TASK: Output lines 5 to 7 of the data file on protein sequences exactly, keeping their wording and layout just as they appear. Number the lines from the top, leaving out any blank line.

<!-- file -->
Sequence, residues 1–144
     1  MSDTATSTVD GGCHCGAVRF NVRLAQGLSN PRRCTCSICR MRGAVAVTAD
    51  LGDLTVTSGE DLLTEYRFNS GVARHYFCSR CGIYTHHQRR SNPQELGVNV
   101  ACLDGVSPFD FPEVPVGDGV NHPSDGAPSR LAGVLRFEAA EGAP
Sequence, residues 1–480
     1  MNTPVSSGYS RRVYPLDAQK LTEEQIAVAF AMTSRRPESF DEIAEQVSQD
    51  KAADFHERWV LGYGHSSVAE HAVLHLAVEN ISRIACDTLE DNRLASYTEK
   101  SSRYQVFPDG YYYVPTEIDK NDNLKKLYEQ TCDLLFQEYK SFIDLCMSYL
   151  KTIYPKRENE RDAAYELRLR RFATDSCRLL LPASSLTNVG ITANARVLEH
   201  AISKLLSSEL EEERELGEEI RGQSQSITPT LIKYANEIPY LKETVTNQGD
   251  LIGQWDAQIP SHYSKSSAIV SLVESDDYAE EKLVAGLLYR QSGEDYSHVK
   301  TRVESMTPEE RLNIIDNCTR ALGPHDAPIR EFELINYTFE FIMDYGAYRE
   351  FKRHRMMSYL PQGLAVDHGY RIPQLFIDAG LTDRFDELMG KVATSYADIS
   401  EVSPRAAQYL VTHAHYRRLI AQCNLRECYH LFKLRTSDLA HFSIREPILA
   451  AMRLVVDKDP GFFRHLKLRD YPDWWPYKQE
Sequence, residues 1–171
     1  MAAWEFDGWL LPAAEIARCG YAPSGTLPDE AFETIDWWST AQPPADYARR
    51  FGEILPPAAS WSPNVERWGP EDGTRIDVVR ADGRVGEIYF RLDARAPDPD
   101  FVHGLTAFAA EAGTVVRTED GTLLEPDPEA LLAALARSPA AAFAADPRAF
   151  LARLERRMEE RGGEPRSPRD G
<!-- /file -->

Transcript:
Sequence, residues 1–480
     1  MNTPVSSGYS RRVYPLDAQK LTEEQIAVAF AMTSRRPESF DEIAEQVSQD
    51  KAADFHERWV LGYGHSSVAE HAVLHLAVEN ISRIACDTLE DNRLASYTEK